Finally, Plaintiff seeks to pursue a claim that he was deprived of his protectable liberty interest in his reputation without sufficient process. Specifically, he alleges that Defendants falsely and publicly accused him of unauthorized access to the Township's computer system and that he was not asked to renew his position on the Planning and Zoning Board as a result. While "reputation alone is not an interest protected by the Due Process Clause," a plaintiff may make out a due process claim for deprivation of a liberty interest in reputation if the plaintiff shows "a stigma to his reputation plus deprivation of some additional right or interest." Hill v. Borough of Kutztown, 455 F.3d 225, 236 (3d Cir. 2006) (citing Paul v. Davis, 424 U.S. 693, 701 (1976)) (emphasis in original). Sometimes referred to as the "stigma-plus" test, in the public employment context the "stigma" is the creation and dissemination of a false and defamatory impression and the "plus" is generally termination. Id. Where a plaintiff shows "stigma-plus," he is entitled to a name-clearing hearing. Id.

Plaintiff has adequately alleged "stigma," because he has alleged that stigmatizing statements (1) were made publicly and (2) were false. See id. Plaintiff alleges that Defendants publically, both through the media and through public readings, accused Plaintiff of potentially criminal misconduct in accessing the Township's computer system. Plaintiff further alleges that these accusations were false, because the Township had authorized him to access the computer system. The accusations, according to Plaintiff, damaged his reputation, as he is a computer professional. The allegations are sufficient to show stigma.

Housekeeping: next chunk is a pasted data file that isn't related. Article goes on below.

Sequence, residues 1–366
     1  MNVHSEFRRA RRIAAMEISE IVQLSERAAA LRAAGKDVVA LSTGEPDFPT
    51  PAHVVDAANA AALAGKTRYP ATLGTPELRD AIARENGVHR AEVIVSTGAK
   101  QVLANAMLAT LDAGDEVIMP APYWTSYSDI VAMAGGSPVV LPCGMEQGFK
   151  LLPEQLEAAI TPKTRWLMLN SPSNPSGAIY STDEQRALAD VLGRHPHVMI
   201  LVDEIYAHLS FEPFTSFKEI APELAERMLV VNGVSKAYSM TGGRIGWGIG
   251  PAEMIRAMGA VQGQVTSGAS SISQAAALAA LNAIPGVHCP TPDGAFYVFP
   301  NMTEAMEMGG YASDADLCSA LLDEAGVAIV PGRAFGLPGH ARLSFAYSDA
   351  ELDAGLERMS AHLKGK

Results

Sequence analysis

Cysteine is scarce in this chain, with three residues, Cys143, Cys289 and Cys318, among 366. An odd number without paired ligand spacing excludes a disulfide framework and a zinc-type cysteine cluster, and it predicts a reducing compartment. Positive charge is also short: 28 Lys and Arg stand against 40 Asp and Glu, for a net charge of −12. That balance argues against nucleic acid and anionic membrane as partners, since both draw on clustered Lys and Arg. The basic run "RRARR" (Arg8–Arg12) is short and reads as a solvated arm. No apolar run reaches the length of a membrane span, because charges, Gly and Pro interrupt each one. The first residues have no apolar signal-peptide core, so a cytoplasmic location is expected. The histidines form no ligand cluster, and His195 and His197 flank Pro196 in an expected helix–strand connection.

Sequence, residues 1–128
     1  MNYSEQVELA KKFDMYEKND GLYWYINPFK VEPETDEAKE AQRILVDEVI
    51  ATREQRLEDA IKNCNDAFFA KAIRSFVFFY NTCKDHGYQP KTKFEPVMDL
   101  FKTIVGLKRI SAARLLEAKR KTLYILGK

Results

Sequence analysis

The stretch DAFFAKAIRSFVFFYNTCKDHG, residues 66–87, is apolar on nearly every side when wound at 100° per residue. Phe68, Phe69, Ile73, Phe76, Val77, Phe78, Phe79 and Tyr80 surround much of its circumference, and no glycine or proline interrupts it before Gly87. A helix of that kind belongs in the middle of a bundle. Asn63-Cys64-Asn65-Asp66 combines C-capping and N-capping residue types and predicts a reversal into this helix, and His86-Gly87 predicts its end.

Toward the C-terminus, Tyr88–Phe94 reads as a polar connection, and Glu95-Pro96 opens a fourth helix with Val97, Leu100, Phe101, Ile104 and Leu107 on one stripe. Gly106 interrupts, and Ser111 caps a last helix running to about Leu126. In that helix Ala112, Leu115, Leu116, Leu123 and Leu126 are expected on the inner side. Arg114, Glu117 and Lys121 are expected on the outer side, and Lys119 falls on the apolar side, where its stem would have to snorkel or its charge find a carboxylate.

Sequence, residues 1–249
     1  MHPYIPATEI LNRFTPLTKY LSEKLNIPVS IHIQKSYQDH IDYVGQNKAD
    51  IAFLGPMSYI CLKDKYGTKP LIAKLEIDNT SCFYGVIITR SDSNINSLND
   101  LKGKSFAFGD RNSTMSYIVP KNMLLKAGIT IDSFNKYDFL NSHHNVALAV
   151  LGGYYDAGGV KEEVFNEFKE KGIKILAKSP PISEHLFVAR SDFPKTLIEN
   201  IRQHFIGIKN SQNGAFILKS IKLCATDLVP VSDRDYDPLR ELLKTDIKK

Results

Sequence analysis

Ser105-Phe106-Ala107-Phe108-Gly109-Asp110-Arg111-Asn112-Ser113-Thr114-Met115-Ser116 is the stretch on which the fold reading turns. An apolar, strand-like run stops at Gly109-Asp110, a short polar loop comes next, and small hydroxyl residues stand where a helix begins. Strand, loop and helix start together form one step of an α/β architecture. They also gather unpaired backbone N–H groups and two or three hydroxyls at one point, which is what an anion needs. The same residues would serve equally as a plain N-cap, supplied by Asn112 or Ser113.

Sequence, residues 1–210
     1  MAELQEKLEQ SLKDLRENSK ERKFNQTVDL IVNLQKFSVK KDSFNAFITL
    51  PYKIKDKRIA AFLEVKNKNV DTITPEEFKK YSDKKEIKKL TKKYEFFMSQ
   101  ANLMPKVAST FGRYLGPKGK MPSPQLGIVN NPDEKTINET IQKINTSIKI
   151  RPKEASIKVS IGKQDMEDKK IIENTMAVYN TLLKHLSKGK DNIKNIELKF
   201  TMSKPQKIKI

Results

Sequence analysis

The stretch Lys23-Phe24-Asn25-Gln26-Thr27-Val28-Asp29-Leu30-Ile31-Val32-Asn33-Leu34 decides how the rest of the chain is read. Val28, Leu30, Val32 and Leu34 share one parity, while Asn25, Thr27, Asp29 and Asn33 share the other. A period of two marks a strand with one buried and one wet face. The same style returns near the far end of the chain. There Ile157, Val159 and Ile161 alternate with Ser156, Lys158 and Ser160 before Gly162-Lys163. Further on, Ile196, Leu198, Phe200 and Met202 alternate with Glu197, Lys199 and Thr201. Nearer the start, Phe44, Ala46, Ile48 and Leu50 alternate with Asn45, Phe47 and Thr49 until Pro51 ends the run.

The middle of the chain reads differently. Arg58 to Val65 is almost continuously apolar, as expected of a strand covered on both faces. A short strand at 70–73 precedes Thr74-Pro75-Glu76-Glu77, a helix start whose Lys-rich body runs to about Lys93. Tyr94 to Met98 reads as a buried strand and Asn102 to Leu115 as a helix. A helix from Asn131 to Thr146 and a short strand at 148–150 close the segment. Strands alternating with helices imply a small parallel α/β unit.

Plaintiff has similarly adequately alleged the "plus." He alleges that he was not asked to renew his position on the Board because of Defendants' defamatory accusations. It is clear from the proposed amended complaint that Plaintiff had no property interest in his position on the Board, because he did not have a "legitimate entitlement to continued employment," Elmore v. Cleary, 399 F.3d 279, 282 (3d Cir. 2005), as Plaintiff acknowledges that a Board member is "generally" asked to "renew his/her term." Nonetheless, a property interest in continued employment is not required to satisfy the "plus" element of Plaintiff's due process claim. "[A] public employee who is defamed in the course of being terminated or constructively discharged satisfies the 'stigma-plus' test even if, as a matter of state law, he lacks a property interest in the job he lost." Hill, 455 F.3d at 238. Plaintiff has adequately alleged that he lost his position on the Board as a result of Defendants' stigmatizing statements.*fn10 Moreover, Plaintiff did not receive the process that was due -- a name-clearing hearing -- and so has stated a plausible claim for deprivation of due process under both the federal and New Jersey constitutions.*fn11 Amendments to include these claims will be permitted. The Court, in permitting the complaint to be amended, makes no determination of the merits, if any, of Plaintiff's allegations.